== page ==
Treatment Choices Cloudy If PSA Remains Elevated After Prostatectomy Interview with:
Dr. rer. nat. Detlef Bartkowiak
Klinik für Strahlentherapie und Radioonkologie
Universitätsklinikum Ulm Albert-Einstein-Allee

MedicalResearch: What is the background for this study? What are the main findings?

Dr. Bartkowiak: After surgery of prostate cancer, the lab marker for prostate specific antigen PSA should fall below detection limits. If the PSA does not decline, this can be a due to residual normal prostate tissue but also due to tumor cells remaining in the patient. If it is tumor cells residing in or near the area of the resected prostate, then this can be treated locally with radiotherapy. If the tumor has already produced metastases at remote sites of the body, irradiating the prostate region is pointless. In our clinical trial into post-operative therapy options, patients who did not achieve an undetectable PSA after radical prostatectomy received additional radiotherapy with 66 Gy. Despite this immediate treatment, the risk of recurrence within 10 years was 37%. Therefore, a more aggressive early treatment should be considered in such patients.

MedicalResearch: What should clinicians and patients take away from your report?

Dr. Bartkowiak: If the PSA remains detectable after radical prostatectomy, the patient and the attending physician must weigh up the risk of recurrence vs. the risk of treatment related side effects and potential of complications. An appropriate early and aggressive therapy could involve intensity-modulated radiotherapy with at least 70 Gy and additional anti-hormonal treatment. However, for a considerable number of patients, this may establish overtreatment.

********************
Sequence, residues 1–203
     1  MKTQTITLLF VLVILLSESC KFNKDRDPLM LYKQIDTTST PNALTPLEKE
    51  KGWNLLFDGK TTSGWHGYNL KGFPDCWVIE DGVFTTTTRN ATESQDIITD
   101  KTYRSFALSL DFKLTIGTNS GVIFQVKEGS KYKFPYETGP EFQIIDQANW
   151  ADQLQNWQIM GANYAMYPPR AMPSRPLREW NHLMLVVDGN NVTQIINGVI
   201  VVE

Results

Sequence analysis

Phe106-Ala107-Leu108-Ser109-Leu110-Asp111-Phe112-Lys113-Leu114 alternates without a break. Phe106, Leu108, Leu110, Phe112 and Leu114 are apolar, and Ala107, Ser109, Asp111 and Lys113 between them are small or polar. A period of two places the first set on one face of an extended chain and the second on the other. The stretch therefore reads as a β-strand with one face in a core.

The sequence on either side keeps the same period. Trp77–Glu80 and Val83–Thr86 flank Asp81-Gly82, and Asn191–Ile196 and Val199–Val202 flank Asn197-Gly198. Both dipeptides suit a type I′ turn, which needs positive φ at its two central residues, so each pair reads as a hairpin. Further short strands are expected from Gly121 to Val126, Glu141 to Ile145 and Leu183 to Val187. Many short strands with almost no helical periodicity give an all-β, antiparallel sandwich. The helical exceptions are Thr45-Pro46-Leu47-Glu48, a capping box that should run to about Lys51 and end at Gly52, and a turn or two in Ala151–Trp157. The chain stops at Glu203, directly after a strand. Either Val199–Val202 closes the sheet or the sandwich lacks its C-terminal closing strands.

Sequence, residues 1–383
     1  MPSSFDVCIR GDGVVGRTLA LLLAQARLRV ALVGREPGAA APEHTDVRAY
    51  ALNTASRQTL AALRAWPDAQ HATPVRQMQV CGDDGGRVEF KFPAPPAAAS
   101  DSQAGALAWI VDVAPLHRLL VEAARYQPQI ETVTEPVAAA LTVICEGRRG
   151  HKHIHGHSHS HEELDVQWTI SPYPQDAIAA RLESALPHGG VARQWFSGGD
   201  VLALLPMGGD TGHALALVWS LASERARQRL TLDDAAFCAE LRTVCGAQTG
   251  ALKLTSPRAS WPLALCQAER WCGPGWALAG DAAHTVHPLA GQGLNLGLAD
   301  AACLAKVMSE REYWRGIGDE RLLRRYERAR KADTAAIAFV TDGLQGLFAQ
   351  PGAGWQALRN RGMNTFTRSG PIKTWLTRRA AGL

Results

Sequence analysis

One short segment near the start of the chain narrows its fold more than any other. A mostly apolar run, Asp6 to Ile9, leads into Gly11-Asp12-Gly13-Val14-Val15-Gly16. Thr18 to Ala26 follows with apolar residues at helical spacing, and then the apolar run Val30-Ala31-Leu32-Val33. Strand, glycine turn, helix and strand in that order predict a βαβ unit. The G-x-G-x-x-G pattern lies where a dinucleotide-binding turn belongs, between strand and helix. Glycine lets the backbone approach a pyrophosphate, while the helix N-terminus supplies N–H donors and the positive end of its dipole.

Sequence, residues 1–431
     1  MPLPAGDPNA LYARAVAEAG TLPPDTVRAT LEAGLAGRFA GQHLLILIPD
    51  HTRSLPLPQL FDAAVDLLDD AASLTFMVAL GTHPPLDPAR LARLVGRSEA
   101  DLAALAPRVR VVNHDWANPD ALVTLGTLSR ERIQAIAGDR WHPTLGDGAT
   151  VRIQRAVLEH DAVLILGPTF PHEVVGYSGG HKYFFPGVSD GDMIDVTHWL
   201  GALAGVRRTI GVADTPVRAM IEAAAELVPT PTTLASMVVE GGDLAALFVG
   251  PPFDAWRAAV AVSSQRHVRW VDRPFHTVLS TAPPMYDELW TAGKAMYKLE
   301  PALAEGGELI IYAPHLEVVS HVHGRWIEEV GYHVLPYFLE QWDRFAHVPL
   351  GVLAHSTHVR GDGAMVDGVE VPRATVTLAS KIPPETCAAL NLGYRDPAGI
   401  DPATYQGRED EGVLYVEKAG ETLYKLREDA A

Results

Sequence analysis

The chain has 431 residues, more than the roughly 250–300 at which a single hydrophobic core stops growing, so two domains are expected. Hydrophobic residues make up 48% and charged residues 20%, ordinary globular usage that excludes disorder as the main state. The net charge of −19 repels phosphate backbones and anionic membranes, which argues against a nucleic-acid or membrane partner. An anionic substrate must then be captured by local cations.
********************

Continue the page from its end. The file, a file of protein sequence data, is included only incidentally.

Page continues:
MedicalResearch: What recommendations do you have for future research as a result of this study?

Dr. Bartkowiak: So far, we cannot reliably predict whether an individual patient with post-prostatectomy PSA persistence can be cured with local treatment alone. In our study, 63% of the patients who initially retained a detectable PSA are free of progression 10 years after surgery plus immediate radiotherapy, but 37% experienced recurrence. Thus, improved imaging or surrogate markers beyond PSA are desirable to distinguish risk groups among men with PSA persistence. To that end, larger clinical trials are required to develop risk-adjusted recommendations for standardized therapy.


Prostate-Specific Antigen Persistence After Radical Prostatectomy as a Predictive Factor of Clinical Relapse-Free Survival and Overall Survival: 10-Year Data of the ARO 96-02 Trial

Thomas Wiegel, MD Detlef Bartkowiak, PhD Dirk Bottke, MD, Reinhard Thamm, M Axel Hinke, PhD Michael Stöckle, MD Christian Rübe, MD Axel Semjonow, MDManfred Wirth, MD Stephan Störkel, MD Reinhard Golz, MD,Rita Engenhart-Cabillic, MD,
Rainer Hofmann, MD, Horst-Jürgen Feldmann, MD,Tilman Kälble, MD,
Alessandra Siegmann, MD, Wolfgang Hinkelbein, MD, Ursula Steiner, MD,
Kurt Miller, MD
International Journal of Radiation Oncology*Biology*Physics
Volume 91, Issue 2, 1 February 2015, Pages 288–294

[wysija_form id=”1″] Interview with: Dr. rer. nat. Detlef Bartkowia (2015). Treatment Choices Cloudy If PSA Remains Elevated After Prostatectomy